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La Peregrina Pearl

In 1969, Richard Burton spent $37,000 (outbidding Prince Alfonso de Bourbon Asturias) to buy Elizabeth La Peregrina, a stunning pear shaped pearl, for her thirty-seventh birthday. “It used to belong to the Welsh,” Burton stated. “I thought it time they got it back.” Included in the purchase of La Peregrina was the pearl’s provenance, which is as fascinating as the pearl is rare and beautiful. A slave was set free after finding the pearl in the Gulf of Panama and bringing it to the Spanish court. It was later given to Mary Tudor of England upon her engagement to Spain’s Phillip II in 1554. Later, Queens Margarita and Isabel owned the pearl. Both were immortalized, wearing the pearl, in separate portraits by the revered sixteenth century painter, Valásques. And finally, in the early part of the 1800’s, the Bonapartes owned the pearl.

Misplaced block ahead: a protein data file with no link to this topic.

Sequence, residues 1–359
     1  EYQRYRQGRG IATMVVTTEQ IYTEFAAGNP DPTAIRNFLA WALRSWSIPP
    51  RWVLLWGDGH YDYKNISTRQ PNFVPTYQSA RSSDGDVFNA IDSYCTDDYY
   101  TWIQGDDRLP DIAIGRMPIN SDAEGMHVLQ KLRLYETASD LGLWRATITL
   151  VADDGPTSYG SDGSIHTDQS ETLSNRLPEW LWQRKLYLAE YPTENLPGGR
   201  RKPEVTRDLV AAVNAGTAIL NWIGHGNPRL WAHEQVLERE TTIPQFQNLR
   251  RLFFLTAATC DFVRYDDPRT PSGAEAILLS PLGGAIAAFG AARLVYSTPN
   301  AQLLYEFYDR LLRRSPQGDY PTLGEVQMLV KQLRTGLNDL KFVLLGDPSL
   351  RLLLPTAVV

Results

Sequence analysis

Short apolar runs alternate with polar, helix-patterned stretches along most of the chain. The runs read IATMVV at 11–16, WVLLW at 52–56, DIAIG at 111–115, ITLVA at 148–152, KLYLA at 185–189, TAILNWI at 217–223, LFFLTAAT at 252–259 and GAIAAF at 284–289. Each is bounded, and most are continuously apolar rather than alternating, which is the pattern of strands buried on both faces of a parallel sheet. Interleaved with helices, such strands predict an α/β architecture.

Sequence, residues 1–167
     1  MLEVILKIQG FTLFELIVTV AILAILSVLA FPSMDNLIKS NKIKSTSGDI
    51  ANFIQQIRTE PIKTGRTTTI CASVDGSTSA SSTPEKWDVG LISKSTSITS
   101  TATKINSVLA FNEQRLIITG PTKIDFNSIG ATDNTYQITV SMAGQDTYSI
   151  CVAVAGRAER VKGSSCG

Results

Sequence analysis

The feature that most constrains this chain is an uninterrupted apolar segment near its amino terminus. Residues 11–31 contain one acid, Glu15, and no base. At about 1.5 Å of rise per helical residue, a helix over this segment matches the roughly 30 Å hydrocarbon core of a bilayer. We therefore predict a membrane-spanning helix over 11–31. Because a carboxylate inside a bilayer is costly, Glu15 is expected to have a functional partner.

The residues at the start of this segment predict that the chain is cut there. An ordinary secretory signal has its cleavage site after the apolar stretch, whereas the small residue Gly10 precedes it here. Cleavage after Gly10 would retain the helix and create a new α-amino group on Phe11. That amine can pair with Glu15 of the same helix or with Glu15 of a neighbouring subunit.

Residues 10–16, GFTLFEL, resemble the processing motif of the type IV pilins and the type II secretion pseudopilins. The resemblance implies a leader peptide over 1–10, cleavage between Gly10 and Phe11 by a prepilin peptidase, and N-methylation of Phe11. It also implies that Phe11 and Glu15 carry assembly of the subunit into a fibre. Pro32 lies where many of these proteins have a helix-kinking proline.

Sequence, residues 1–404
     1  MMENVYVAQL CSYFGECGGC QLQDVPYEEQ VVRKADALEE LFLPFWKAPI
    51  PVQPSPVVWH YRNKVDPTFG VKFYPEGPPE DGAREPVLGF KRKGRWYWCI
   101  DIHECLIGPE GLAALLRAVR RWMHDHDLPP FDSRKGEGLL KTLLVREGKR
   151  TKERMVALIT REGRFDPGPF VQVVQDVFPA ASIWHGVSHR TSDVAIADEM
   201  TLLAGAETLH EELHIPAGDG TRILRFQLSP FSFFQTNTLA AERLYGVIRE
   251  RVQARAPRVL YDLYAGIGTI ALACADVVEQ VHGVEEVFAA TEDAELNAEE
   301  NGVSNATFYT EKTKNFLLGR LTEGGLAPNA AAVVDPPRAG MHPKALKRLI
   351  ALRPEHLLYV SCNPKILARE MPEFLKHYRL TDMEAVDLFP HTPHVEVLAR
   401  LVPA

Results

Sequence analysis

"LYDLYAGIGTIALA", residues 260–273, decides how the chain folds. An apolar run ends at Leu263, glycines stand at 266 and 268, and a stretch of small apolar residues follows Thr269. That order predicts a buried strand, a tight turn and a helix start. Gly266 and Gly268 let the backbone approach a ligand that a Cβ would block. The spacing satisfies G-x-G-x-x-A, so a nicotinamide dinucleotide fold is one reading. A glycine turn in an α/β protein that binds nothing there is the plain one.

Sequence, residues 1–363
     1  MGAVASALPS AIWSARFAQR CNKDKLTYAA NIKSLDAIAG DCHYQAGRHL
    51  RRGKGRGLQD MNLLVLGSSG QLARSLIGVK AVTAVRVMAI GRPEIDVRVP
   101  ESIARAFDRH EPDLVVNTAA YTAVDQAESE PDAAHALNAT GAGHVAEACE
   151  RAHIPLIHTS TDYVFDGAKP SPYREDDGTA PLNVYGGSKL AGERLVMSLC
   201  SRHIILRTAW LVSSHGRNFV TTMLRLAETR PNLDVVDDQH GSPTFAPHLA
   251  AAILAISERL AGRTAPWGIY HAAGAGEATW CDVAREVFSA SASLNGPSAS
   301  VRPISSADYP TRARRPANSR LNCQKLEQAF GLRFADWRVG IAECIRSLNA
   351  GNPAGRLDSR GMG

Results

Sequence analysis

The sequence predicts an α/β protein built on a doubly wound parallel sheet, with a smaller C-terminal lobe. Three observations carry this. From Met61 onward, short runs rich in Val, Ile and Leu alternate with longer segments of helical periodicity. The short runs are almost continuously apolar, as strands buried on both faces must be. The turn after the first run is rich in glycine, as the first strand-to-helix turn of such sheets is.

Elizabeth took cues on how she wanted the necklace set from a painting of Mary, Queen of Scots, who was wearing it as a choker. The pearl’s former setting can be seen in publicity shots for Elizabeth’s cameo in the 1969 film, Anne of the Thousand Days, and the new, more elaborate setting in the films Divorce His—Divorce Hers and A Little Night Music.

After reading The Bridge of Drina, a history of the events surrounding the famous bridge, Burton considered writing a similar history on the pearl and its owners, but unfortunately he never did. He also considered bidding on a four-hundred year old painting with the pearl adorning Queen Mary—but instead helped the National Art Collections Fund acquire it.

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